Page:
Yeah! You could call him my mentor. I met him years ago in New York at a press junket for a martial arts movie called Iron Monkey that had been bought by his company, and they hired me to help promote the movie. At that time Wu-Tang was the biggest band in the country. Plus we were affiliated with martial arts. So they wanted the RZA to help bring awareness to this film and they offered to pay me money to do it and I declined the money because I love the movie. I was a fan of the movie since I saw it ten years earlier. By the way, this is a good example of how much time it sometimes takes until a great movie gets distributed in America. I told them to donate the money to the charity of my martial arts school, so it was all a beneficial thing. Bottom line is that I met Mr. Tarantino and we became immediate friends.
Why did it click?
We both realized in a split second that we liked the same music and movies. It was basically a boy buddy thang, and we wound up calling each other to watch movies or listen to records together. That really became our thing. So if he was in town we’d watch a kung-fu movie at the Miramax screening room and that became the foundation of our friendship. By the time he had finished the script for Kill Bill he’d let me read it first—and I was completely blown away. I told him I wanted to be a film director someday, and I asked him if I could be his student. He said yes and one day he asked me to teach him about music production. So I bought him a guitar and I taught him a few things when I was working in the studio. A couple of times he’d even come and travel with the Wu-Tang on our tour bus. But I still have to really sit down with him and give him the proper workout that I feel I somehow owe him.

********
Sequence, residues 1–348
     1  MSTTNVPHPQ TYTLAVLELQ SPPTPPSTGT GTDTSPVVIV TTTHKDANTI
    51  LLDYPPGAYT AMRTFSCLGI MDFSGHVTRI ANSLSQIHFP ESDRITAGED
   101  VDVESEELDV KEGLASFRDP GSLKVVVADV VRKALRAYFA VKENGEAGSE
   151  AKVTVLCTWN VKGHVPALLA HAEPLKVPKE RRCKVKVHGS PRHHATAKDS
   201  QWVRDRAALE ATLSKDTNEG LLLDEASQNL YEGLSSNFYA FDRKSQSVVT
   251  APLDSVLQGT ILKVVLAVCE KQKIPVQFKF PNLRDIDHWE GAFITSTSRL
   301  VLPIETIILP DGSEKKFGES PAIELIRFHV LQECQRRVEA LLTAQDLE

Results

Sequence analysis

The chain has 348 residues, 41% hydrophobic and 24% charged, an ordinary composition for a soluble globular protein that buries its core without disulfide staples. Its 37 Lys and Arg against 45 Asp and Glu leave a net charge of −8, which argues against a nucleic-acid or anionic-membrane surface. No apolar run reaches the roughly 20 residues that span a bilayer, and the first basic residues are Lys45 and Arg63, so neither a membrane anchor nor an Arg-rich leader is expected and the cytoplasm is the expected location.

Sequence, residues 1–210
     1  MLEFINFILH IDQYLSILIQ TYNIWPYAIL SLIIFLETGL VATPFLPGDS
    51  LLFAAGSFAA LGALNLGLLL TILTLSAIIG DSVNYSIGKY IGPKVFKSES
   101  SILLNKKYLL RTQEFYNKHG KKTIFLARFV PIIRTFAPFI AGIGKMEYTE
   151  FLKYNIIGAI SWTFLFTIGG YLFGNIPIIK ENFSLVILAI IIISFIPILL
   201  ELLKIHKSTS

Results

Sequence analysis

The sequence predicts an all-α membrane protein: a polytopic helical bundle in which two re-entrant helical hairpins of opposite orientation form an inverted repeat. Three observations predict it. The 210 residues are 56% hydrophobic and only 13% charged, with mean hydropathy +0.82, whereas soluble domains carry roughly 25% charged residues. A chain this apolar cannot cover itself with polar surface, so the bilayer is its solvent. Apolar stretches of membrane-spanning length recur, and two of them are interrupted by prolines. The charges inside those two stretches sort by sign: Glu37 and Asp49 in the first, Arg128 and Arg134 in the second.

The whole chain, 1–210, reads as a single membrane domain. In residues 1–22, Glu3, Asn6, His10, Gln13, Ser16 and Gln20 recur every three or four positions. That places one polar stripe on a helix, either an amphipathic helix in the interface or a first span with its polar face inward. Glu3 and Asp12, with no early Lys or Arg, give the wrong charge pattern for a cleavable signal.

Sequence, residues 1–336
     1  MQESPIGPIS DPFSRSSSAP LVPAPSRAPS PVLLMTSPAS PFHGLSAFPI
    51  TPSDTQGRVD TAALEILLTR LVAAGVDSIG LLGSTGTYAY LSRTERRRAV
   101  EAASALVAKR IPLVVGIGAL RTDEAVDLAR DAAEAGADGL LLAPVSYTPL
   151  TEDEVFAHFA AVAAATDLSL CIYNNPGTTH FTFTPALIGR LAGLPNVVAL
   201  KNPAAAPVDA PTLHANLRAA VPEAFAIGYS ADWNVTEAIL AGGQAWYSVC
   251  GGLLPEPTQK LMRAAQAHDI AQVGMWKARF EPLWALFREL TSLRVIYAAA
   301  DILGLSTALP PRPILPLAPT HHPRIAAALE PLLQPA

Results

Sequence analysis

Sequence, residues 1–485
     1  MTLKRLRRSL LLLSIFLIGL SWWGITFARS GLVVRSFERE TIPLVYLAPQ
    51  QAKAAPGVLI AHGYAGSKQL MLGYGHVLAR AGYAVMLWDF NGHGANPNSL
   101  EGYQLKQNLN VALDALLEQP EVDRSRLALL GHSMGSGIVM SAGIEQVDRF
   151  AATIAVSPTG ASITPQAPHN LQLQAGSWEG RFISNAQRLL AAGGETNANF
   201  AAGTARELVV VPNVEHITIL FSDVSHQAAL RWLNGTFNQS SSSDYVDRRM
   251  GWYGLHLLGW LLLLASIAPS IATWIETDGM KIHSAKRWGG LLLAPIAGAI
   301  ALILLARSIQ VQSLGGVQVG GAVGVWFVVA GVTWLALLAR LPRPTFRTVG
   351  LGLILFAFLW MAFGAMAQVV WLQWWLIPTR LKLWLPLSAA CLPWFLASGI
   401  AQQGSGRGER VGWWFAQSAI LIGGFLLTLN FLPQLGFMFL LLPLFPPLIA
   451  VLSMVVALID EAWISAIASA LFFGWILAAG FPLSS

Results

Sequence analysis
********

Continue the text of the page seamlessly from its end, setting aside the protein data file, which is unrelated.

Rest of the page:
You only have to sync your itineraries.
Yeah, we’ll find time. So far he only mentored me, really. He let me come to his movie sets and allowed me to watch him work. I went all the way to China with him. I paid for the trip with my own money and just watched and took notes. That’s the best schooling.
Watch and learn—that’s not too far from the sort of school of the streets, in a way.
Yeah, I went to street college—again. It took me about five years going through Kill Bill 1 and 2 as well as Death Proof. Quentin’s place became my college campus of sorts and he’d let me come up to his house and spend the night there whenever I wanted, even if he wasn’t there. It is a very good friendship and I’d even say that I love him as a brother. Anyway, after five years under his tutelage I asked him whether he thought that I was ready.
He said I wasn’t ready just yet. My final test was missing: I hadn’t written a script yet. You know, at the beginning there was the word. So I wrote The Man with the Iron Fists. Eventually Quentin thought I was ready and that’s how I was allowed to direct The Man with the Iron Fists.
Did Tarantino also leave an impression on you in terms of attitude?
I learned how to walk the tightropes of Hollywood by asking Quentin how to behave in the biz. Like: Should I accept that offer? Should I go there? What do I do? He was very gracious with his knowledge like he actually is to many people. The thing I like about Quentin the most is actually a mutual characteristic: We never questioned who we are. One day we talked about that and he said he grew up with people always telling him he was too loud.
I grew up with people telling me that I am a know-it-all and that I’m too conceited. But this is the way I am. We have these personalities and people shouldn’t be trying to stop us. ~
Published July 16, 2014. Words by Max Dax.